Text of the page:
So I have a situation that comes up all the time working with furniture. a beam cracks and needs to be replaced. What is holding it in place is a joint secured by a few staples. Pulling those staples out is usually a lost cause because they are long and the joint is small (the one in the picture is 1.5 inches by 1 inch with 1/2 an inch of wood left under). Any serious pulling will do too much damage to wood before you get them out.

So I cut them off with a multitool. Take a small hammer to get them deep enough that the surface is flat (ish) and use epoxy to compensate for whatever uneven surface this produces to secure a new beam in it's place.

Today I was thinking is there an actual decent way to sand this part down? I do have access to a multitool, dremel, and a few sanders. If you had to smooth it out to glue in a new beam how would you approach it?

I do have a grinder but I don't think it's a good approach here especially given how little clearance there is.

Thank you.

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  • Sorry, you are referring to nails right? I think I see some staples in the photo, but only along the left side of the 'beam' where it looks like they secured one edge of the cambric.
    – Graphus
    May 21 '21 at 7:43
  • Those do look like nails, but in the red circle there are staples put through from the bottom up (like 3-4 of them at an angle) so those heads are actually cut off ends of staples although they really look like nails. May 21 '21 at 7:47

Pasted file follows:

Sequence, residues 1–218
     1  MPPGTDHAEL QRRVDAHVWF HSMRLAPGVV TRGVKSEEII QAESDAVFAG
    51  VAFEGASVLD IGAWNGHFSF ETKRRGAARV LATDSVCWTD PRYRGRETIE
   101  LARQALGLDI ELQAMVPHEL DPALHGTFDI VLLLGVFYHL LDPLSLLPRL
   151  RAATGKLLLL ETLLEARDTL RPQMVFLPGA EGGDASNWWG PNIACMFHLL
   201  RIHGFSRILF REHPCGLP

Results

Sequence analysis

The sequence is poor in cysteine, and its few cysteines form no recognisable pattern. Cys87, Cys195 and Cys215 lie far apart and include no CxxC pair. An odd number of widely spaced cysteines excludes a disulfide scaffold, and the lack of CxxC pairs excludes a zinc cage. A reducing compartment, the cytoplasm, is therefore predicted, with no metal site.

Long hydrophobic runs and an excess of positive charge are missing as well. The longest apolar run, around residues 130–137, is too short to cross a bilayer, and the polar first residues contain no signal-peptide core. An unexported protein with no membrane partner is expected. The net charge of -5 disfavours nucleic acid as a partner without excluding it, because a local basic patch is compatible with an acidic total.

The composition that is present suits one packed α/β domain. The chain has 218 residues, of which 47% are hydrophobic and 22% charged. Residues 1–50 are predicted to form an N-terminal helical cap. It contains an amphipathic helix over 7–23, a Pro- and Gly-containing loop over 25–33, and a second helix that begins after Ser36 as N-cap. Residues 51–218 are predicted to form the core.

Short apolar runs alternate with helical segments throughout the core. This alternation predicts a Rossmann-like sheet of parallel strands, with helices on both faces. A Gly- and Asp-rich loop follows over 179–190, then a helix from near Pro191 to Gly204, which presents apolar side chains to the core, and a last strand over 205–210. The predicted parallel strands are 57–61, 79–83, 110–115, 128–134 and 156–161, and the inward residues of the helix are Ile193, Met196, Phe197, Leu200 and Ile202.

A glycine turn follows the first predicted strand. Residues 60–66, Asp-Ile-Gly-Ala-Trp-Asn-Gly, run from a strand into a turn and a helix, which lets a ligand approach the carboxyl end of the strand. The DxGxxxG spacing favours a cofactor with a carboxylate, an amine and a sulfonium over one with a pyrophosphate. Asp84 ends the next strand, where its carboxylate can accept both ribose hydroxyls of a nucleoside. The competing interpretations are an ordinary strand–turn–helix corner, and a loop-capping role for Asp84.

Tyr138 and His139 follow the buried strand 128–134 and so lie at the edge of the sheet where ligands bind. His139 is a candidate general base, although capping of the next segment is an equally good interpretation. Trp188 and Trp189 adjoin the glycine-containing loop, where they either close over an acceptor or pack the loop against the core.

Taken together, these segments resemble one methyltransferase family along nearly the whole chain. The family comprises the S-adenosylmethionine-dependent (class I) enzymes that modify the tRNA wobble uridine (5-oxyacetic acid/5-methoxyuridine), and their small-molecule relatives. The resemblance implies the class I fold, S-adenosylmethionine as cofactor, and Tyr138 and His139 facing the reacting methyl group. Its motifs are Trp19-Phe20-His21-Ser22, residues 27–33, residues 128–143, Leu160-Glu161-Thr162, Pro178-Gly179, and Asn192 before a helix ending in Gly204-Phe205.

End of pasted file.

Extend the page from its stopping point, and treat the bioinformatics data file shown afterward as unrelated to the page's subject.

• Wow, beefy staples! I think it's possible to get much better at extracting staples (I've become very dedicated at doing it with a high success rate when I'm trying to salvage old wood from furniture) but for what you need you're already using a very efficient and perfectly acceptable method — knock flush or below flush with a nail set. Incidentally if you'll be doing this kind of work a lot I think it would be worth getting a carbide scraper, they're much more efficient at getting old glue of a joint surface. It can also help to heat the exposed glue with a heat gun.
    – Graphus
    May 21 '21 at 8:06
  • Nail set is where it is at. Get a variety of sizes and use them to create a divot in the fastener and get them under the surface. @Graphus should turn that into an answer!
    – jdv
    May 21 '21 at 13:19
  • Oh that's great. I always used a small hammer but it's not precise enough. I found this leevalley.com/en-ca/shop/tools/hand-tools/punches/… probably not the most practical since it's only in one size but looks satisfactory to use ). I'll get it along with a regular set. May 21 '21 at 18:10

There are different ways of approaching the problem of remaining staples and where feasible, and where it doesn't do further damage to the wood, it is often worth taking the time to prise or carefully lever them out1. With some recent practice doing this quite a bit (while reclaiming wood from old furniture) I can say you do get much better at it with some practice and experience, however, it isn't always necessary or desirable to do so and there's never a guarantee you'll get staples out in one piece.